News release: Tim’s Tips for Terrific Tomatoes

Tim Baker, MU Extension Horticulture Specialist
102 N. Main, Suite 1, Gallatin, MO 64640
660-663-3232, bakert@missouri.edu

Release Date: October 2, 2014

Headline: Tim’s Tips for Terrific Tomatoes

Most home gardeners love to grow tomatoes. They are easy to grow, although there are a few problems that crop up from time to time. While spring may seem a long way off, successful tomato production actually starts in the fall.  I developed the following tips to present at the annual Buchanan County Tomato Fest a few weeks ago.

1- Pick a good site to grow them. Look for good, well-drained soil at a spot that gets full sunlight all day long.

2- Soil test. This should be done immediately, this fall.

3- Add lime or sulfur if needed, based on your soil test. Do not add nitrogen this fall.

4- Cover crops are great! They reduce erosion, and add organic matter to the soil. If you choose a legume cover crop, it will also add nitrogen to the soil.

5- Prepare soil in spring- fertilize as recommended. Don’t over fertilize! Till in your cover crop. Use raised beds. Don’t over-till!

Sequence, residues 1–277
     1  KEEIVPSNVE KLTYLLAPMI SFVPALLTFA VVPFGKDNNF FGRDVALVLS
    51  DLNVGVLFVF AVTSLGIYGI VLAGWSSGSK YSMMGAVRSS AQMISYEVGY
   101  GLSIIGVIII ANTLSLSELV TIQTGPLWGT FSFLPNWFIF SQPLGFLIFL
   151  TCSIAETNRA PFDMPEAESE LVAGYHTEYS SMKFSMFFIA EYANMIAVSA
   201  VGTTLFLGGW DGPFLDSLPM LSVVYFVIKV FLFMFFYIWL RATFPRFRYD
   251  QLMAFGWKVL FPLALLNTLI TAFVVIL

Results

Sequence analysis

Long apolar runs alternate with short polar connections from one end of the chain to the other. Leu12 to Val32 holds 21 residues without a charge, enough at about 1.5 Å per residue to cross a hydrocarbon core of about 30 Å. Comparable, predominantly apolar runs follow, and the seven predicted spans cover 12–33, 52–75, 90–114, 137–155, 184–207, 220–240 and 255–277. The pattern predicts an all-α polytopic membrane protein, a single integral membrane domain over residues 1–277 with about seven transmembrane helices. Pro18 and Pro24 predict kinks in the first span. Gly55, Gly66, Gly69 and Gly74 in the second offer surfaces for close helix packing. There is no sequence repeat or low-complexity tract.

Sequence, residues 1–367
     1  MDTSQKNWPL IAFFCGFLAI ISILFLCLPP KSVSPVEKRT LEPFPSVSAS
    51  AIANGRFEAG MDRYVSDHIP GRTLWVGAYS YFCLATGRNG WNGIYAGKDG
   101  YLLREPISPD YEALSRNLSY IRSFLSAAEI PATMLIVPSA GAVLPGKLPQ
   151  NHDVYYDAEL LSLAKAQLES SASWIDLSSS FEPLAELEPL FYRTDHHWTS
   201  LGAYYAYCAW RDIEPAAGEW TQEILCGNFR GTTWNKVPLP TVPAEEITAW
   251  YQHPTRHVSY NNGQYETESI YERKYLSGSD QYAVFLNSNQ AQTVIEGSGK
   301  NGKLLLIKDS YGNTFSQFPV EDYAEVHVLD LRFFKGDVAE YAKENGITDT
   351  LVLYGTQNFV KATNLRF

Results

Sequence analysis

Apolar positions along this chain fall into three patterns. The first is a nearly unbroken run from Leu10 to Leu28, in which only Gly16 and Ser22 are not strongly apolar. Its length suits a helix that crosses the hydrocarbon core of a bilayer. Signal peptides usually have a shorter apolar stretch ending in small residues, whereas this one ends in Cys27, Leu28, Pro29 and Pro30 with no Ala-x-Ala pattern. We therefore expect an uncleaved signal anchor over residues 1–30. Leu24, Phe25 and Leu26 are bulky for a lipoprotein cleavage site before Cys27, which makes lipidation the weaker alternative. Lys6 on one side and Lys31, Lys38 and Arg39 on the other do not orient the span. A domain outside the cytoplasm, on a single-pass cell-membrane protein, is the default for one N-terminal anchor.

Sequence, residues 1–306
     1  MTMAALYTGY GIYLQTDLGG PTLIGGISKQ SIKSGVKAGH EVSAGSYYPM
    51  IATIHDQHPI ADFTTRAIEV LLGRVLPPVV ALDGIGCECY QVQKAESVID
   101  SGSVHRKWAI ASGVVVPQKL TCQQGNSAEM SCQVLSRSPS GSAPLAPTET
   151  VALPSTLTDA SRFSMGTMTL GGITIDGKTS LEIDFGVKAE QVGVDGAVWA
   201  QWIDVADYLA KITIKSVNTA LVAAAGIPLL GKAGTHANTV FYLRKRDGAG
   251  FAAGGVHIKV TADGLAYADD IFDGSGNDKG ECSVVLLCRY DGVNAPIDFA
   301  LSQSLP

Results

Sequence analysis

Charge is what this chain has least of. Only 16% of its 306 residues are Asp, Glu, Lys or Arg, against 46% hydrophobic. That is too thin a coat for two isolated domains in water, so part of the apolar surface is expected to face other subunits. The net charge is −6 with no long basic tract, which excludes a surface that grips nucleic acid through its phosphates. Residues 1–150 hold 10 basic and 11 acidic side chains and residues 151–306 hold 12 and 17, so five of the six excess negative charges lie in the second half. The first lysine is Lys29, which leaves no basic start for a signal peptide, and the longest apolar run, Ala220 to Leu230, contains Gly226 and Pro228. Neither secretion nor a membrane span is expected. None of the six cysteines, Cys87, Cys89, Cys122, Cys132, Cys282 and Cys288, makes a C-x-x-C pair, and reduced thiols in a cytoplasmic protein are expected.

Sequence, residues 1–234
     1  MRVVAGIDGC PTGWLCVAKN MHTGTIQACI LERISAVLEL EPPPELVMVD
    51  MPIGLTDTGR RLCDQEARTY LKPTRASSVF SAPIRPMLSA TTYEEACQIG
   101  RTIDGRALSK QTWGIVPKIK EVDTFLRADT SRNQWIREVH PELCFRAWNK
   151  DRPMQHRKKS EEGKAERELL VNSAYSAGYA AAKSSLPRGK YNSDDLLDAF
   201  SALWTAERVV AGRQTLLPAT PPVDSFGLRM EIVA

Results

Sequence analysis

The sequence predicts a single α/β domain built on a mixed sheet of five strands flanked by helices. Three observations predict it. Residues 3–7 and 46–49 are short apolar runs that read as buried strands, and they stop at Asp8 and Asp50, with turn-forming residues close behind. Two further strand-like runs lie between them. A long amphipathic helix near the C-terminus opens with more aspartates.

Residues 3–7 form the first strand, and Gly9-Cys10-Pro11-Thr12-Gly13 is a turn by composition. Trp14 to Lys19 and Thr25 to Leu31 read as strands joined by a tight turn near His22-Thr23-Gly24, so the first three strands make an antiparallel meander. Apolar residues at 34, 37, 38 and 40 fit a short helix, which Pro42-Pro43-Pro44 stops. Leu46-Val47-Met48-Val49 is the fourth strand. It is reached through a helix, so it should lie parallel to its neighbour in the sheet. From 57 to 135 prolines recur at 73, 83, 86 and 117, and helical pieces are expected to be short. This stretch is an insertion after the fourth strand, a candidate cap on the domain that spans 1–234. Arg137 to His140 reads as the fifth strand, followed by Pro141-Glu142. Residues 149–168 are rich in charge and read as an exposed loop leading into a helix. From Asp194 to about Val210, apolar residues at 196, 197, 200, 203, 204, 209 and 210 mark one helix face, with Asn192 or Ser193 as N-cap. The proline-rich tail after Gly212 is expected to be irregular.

6- Choose a good variety… but experiment. Disease-resistant varieties will help.

7- Plant when the conditions are right.  If it’s too wet or too cool… it’s best to wait.

8- Keep them off the ground! If you are growing determinate tomatoes, cages are fine.  For indeterminate tomatoes, it’s best to stick with tall stakes and twine.

9 – Earlier, irrigate only when needed. Less frequent irrigation will force roots deeper.  Later, irrigate regularly, especially when fruiting. Consistent irrigation reduces blossom end rot. Don’t use overhead irrigation.

10- Mulch, mulch, mulch. Mulch is great for keeping the weeds down and conserving moisture. Don’t mulch too early with organic mulches.  They insulate the ground and keep it cool.  Early in the season, that isn’t what you want.  You need to soil to warm up.

11- Watch for diseases. Spray if needed, before disease spreads.

12- Monitor for insects. Don’t spray unless they are really a problem.

13- Watch out for weeds. They rob moisture and nutrients from your tomatoes. A hoe works great, but mulch is better.

14- Call your friendly MU Extension Horticulture Specialist or Master Gardener for advice, if needed.

If you follow these tips, you will hopefully be able to avoid common tomato problems, and be well on your way to success.